The surname definition is derived from (Norwegian, Swedish, Danish) The son of Carl (man).
The surname definition is derived from (Norwegian, Swedish, Danish) Dweller near the hill or mountain.
The surname definition is derived from the name of an ancestor. 'the son of Brun' (i.e. Brown), whence also Brownson, which see. In Domesday Brun appears as a personal name; compare German Bruno. Brown stands sixth among the surnames of England and Wales in point of numbers.
The surname definition is derived from (Norwegian, Swedish) The son of Eric (ever king).
The surname definition is derived from (German) The worker in metals, a smith.
This surname is derived from the name of an ancestor. 'the son of Thome,' i.e. Thomas (v. Thom). The 'p' in Thompson is, of course, intrusive; compare Simpson for Simson.
Eborard fil. Thome, Cambridgeshire, 1273. Hundred Rolls.
Abraham fil. Thome, Bedfordshire, 20 Edward I: Placita de Quo Warranto, temp. Edward I-III.
1602. Married — Thomas Thomson and Mawdelen Langson: St. James, Clerkenwell.
1630. — Robert Thompson and Elline Lettice: ibid.
If it ends in en or on, it doesn't really matter. The people with these last names are just down right good people. This surname is derived from the name of an ancestor. 'the son of John,' a Welsh surname. John was never an English surname. Johnson monopolized the honours.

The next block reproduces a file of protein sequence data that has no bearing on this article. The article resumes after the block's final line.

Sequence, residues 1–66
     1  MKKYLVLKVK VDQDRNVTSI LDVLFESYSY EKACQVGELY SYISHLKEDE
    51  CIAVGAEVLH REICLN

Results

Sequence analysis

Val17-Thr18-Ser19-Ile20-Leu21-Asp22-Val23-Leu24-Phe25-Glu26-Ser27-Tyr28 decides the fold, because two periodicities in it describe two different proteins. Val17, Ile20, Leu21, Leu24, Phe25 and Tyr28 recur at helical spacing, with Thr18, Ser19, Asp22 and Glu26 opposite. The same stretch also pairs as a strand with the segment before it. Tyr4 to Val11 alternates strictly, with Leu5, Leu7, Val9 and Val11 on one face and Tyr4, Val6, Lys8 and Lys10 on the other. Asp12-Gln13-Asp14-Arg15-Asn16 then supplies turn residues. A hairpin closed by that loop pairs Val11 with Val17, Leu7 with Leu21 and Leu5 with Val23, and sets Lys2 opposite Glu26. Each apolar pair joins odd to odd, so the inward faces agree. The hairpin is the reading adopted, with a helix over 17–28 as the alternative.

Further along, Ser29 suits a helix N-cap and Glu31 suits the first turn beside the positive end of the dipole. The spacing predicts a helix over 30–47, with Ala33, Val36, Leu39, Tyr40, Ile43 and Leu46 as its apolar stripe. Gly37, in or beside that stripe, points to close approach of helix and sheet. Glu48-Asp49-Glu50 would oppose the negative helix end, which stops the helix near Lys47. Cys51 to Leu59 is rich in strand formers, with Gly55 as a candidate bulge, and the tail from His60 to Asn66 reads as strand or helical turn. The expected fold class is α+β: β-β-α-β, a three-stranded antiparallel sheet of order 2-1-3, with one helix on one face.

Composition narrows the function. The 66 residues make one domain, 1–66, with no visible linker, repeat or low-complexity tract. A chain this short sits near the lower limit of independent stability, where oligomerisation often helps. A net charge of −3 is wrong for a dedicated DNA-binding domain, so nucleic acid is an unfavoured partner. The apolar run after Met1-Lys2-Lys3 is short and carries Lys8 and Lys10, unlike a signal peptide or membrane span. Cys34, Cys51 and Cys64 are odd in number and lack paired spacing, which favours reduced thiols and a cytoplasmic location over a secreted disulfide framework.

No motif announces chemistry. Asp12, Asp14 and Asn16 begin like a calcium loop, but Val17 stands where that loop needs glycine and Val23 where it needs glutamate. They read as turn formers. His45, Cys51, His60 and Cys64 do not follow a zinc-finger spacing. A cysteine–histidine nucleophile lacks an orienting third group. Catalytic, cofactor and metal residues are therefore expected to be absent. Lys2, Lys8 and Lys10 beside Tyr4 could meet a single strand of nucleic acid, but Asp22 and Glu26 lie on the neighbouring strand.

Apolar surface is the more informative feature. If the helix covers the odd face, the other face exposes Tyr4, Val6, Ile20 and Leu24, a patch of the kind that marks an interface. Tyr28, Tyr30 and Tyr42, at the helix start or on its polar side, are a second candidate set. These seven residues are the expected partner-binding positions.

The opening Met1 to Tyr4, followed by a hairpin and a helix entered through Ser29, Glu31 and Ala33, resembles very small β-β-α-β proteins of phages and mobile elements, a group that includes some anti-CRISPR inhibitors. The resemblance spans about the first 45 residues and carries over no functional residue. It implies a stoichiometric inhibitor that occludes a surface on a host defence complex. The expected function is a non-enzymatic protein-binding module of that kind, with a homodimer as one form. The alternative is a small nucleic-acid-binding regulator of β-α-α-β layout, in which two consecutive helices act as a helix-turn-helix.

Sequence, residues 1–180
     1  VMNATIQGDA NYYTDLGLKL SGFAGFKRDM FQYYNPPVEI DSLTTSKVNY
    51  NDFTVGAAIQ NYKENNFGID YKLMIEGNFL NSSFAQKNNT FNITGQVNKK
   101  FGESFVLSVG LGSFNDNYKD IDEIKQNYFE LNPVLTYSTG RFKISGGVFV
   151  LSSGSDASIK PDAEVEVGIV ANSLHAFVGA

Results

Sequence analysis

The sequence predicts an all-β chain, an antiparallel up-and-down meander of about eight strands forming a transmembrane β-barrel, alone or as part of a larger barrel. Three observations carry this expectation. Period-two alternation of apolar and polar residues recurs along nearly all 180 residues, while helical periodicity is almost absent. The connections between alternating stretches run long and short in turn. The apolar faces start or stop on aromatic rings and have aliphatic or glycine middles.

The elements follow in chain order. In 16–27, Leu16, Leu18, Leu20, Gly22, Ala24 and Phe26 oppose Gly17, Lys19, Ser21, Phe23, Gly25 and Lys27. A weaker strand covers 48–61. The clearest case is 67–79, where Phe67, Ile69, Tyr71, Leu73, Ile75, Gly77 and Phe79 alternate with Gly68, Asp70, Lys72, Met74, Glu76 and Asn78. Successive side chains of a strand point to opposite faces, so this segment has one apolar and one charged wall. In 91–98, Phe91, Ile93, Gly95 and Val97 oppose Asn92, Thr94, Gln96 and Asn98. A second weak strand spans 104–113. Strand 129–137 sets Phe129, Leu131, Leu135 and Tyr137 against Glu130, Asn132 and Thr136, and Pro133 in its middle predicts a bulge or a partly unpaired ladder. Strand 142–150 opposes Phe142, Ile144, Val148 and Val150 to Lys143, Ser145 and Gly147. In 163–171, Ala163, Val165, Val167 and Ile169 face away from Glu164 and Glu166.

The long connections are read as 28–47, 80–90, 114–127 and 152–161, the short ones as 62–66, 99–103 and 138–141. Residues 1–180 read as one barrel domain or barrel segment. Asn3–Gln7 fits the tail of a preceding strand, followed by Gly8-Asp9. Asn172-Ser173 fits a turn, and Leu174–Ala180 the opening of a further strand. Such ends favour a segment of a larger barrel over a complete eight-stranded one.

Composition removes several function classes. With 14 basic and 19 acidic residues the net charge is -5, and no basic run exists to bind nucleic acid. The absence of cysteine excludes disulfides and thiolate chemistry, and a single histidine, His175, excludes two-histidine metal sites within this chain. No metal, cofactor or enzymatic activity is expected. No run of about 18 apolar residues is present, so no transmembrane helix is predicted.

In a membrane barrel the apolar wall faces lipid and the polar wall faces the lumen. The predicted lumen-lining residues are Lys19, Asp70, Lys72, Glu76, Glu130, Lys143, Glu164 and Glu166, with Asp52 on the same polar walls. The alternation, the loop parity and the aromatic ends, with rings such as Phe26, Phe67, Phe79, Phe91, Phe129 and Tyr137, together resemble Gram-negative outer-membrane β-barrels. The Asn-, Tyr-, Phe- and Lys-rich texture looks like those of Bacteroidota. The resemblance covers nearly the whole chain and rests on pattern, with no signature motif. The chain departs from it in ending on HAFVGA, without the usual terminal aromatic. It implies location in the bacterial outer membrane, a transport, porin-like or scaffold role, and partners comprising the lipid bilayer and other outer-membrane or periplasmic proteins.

Smith is an occupational surname - the smith - common to every village in England, north, south, east and west. The name Smyth is the almost invariable spelling in early rolls, so that it cannot exactly be styled a modern affection. There are 300,000 Smiths in England (1901); very different from the state of Israel, when there was no smith found throughout all the land of Israel.
This surname is derived from 'Son of Peteh,' which see. Nigellus filius Petri, one of the burgenses rure manentes, Aberdeen, 1317 (SCM., v. p. 10). See also Paterson. Pitersoun 1625.
This surname is derived from a contraction of Larrance’s or Laurence’s Son: v. Laurence.
This surname is derived from an occupation. 'the miller,' one who grinds corn, a 'milner' (q. v.), a surname found in the records of every county in England.
John le Mellere, c. 1300. Writs of Parliament.
Adam le Molendinator, Oxfordshire, 1273.
This surname is derived from (Swedish, Norwegian, Danish) The son of Nel or Neil (champion).
This surname is derived from (Norwegian, Swedish) The son of Ole or Olaf (ancestor’s relic).
This surname is derived from the name of an ancestor. 'the son of Andrew,' which see. It was of course inevitable that Andrewson should become toned down to Anderson. Even Andrews has occasionally assumed the form of Anders.
Rogerus Andreweson, 1379: Poll Tax of Yorkshire.
Martin Aunderson, 1495, Yorkshire: Corpus Christi Guild (Surtees Society).
1611. Richard Anderson and Elizabeth Hawkins: Marriage Lic. (London).
1769. Frederick Anders and Mary Harper: St. George, Hanover Square.
This surname is derived from (English, Danish, Norwegian, Swedish) The son of John (gracious gift of Jehovah).